Pure and utter weakness.
But Jesus doesn't smirk and tell me to smarten up like the world does.
His love for me isn't hindered.
He takes me in His arms.
He gives me peace that passes understanding. He whispers His love into my heart. And He covers every selfish motive with His perfect mercy and grace.
My life may be a spin of confusion, but He is the familiar foothold I can count on.

May our walls be broken down. May we find ourselves desperate. And may His grace and love be more than enough to pick up our pieces and fill us until we overflow with only Him.

Thursday, December 3, 2009

Snowball effect

Well, I don't know about the rest of you, but this month is turning into a jam packed set of weeks. In keeping with the season, think snowball effect.... I've hit fast forward and haven't been able to find the 'pause' yet.
It's quite contrary to the first few weeks of school. The days seemed to go really slowly back in September, but recently it seems like we barely have started Monday morning, and the week is over. Here we are onto Thursday afternoon, leaving just one morning of school left before the weekend comes. Tomorrow the plan is for all 10 of us take our first field trip of the school year. It's well earned!
During our first few weeks of school I noticed us struggling to start school on time, and thus began the bell system. Every morning I give a 5-minute bell reminder and the kids are expected to be in their seats by the time we reach 8am. If they all make it on time they get to add a mini bell to the schoolbus (a decoration tin that my mom sent in a care package), if they don't make it, we take a bell out. Out goal has been to reach 40 bells and it has been attained! As you can probably imagine, we are all looking forward to getting off of the mission property and exploring Haiti's Sugar Cane Museum close to the city. It should be a great day!
When that's over, it will bring us to yet another weekend... And they are no less busy.
Friday night's I host the junior girls over for movie night where we paint nails, do facials, bake cookies and other GIRLY stuff. :) We also have been working through a 'Girls of Grace' bible study which has been really awesome.
Saturdays are my planning days. Unfortunately the lazy mornings that I have in my head - sleeping in, eating pancakes and setting up the workweek ahead - have had to take a back seat recently. There have been quite a few teams coming in and out over the past few weeks, and as a result of our lack of a group host at this point, the staff here has had to share the load. Saturday is my day, which gives me opportunities to get out into the local villages and orphanages and hang out with the kids and meet people from different parts of North America. It's a wonderful chance I have to get out and about, which I don't get to do during the week, but as a result, my planning times have been stuck into random evenings and afternoons making my weekdays more busy. I find random hours where I hit overdrive and plan more extensively in the different grades to make up for my lack of time on weekends.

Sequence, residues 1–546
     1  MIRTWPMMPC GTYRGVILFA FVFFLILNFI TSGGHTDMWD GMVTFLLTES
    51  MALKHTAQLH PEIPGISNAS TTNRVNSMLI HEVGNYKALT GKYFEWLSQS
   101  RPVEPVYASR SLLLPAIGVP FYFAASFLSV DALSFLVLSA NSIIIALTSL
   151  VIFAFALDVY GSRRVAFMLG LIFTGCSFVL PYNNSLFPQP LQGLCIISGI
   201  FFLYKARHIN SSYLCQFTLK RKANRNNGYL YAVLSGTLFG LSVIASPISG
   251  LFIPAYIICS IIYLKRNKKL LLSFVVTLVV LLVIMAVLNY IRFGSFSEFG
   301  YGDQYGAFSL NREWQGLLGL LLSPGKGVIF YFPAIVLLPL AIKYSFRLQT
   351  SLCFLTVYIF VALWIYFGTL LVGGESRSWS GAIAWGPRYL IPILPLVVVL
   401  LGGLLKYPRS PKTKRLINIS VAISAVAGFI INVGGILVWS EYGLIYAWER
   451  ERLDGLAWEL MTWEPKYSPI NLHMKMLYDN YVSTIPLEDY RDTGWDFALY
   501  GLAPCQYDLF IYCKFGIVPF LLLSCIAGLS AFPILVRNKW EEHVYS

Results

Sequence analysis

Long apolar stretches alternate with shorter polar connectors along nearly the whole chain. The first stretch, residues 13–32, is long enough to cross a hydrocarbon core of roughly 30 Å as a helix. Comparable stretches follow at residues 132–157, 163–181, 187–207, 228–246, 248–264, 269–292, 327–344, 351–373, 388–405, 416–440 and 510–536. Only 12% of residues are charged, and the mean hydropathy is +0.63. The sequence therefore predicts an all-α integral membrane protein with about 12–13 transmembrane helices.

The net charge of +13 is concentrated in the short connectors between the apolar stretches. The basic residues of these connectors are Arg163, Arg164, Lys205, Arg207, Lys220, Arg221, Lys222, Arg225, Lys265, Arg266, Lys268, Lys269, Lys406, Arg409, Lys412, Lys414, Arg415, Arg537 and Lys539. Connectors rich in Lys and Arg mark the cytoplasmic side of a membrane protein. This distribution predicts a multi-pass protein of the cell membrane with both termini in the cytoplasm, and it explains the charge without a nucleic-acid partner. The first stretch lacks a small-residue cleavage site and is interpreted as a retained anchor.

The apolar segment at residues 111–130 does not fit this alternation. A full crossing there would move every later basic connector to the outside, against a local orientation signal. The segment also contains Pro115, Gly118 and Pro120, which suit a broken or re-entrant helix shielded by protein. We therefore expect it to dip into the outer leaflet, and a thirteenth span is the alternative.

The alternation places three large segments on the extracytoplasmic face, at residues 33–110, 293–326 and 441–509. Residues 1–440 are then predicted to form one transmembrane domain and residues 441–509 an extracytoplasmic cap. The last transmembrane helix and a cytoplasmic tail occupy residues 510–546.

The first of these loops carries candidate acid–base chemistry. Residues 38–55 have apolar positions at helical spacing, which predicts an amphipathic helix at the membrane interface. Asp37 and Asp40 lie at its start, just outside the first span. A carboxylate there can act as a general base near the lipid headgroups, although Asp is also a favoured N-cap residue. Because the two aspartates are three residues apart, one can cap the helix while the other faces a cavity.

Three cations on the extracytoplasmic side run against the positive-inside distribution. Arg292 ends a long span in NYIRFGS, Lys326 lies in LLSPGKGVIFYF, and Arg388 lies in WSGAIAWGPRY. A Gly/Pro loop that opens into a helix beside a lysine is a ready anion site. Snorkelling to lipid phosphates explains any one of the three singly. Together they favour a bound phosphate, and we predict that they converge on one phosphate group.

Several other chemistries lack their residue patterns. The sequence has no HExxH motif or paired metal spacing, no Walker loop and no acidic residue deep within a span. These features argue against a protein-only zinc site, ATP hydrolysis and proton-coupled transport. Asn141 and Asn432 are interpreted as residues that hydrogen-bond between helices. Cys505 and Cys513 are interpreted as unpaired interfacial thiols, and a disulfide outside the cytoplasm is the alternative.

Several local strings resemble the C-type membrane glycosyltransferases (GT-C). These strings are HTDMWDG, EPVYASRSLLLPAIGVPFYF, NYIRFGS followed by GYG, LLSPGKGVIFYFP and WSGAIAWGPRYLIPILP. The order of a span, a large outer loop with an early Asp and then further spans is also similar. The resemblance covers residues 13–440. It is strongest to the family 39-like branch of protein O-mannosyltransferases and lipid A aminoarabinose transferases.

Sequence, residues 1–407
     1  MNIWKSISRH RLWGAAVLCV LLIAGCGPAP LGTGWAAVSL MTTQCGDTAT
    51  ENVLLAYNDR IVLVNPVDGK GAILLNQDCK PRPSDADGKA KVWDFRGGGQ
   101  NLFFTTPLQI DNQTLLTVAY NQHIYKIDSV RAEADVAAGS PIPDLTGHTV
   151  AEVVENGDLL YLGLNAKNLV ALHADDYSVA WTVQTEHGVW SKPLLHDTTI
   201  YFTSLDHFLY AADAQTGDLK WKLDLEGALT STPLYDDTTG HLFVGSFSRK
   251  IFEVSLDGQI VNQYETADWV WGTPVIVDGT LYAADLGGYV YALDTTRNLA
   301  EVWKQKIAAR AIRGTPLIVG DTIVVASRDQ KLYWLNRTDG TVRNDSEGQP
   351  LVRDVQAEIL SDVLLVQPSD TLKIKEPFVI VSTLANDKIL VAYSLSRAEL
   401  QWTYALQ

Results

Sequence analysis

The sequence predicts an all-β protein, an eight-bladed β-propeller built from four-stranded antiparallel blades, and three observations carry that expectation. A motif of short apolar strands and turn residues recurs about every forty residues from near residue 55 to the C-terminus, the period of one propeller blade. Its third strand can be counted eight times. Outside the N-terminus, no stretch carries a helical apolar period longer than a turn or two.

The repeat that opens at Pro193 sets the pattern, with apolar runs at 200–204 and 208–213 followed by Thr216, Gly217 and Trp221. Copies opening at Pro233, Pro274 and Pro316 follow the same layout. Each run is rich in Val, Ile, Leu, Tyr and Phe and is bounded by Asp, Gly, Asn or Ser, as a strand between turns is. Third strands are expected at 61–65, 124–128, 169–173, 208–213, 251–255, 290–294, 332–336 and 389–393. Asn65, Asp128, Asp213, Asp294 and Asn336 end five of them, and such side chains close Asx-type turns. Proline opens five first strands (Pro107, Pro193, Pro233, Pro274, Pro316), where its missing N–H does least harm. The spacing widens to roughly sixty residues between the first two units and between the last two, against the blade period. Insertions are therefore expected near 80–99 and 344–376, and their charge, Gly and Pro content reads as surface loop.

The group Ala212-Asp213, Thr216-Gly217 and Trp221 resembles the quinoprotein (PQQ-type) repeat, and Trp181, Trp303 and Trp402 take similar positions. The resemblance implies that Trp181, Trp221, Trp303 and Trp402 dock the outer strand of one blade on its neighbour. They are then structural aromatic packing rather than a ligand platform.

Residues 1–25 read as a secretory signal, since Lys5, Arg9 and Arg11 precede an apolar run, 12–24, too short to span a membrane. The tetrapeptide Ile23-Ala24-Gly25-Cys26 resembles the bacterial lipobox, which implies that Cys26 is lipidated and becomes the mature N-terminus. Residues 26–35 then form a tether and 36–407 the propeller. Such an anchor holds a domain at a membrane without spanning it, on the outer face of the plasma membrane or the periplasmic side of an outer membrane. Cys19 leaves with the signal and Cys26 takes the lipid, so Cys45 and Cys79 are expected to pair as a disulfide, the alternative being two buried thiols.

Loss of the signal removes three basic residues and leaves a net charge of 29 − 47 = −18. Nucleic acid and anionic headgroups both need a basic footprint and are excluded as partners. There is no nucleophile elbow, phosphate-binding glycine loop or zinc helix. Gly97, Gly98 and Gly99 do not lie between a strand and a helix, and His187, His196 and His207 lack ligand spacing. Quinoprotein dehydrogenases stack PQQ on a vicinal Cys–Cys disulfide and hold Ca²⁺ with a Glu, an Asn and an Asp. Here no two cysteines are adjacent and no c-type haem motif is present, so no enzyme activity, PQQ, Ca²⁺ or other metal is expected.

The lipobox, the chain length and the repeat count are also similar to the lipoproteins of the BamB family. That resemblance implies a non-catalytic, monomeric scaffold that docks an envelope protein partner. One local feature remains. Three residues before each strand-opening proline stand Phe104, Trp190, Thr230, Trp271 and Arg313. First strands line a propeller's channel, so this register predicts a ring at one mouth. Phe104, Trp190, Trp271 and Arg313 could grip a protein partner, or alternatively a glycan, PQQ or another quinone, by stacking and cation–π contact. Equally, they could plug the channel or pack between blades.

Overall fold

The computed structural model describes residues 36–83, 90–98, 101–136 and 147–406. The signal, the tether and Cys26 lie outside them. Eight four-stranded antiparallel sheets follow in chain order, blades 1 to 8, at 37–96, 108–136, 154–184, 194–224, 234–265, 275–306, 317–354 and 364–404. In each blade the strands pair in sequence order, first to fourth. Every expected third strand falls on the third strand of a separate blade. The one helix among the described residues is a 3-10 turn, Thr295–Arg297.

Sundays are probably my favourite days, because I get to go to church and then over the past couple of weeks I've been visiting the Louissaint family in the mountains after lunch at Gwopapapou. The Hope House kids come up to the playground later on in the afternoon and I love playing with them and practicing my Creole, but when I finally sit down on Sunday night after taking a shower, I feel like I need a couple days to recover before jumping into another blur of a week.
Thank goodness Christmas is coming. I know that the time home with be a blur of gatherings and parties, but I am promising myself a few hours to sit by the fireplace with a cup of hot chocolate and refuel.
Thank you for your prayers as I wrap up these past few weeks of school.... Pray that I can make good decisions about how I spend my time (when I get the choice! haha), and pray that I can have sufficient rest and downtime when I need it...
Less than 3 weeks to go now - 3 weeks to close up our school units, make extensive lists of what I school books and supplies I need to purchase when I'm home, celebrate Christmas with the Hope House kids, party it up with my students, and brace myself for a slightly different kind of climate! ;)
See you all soon!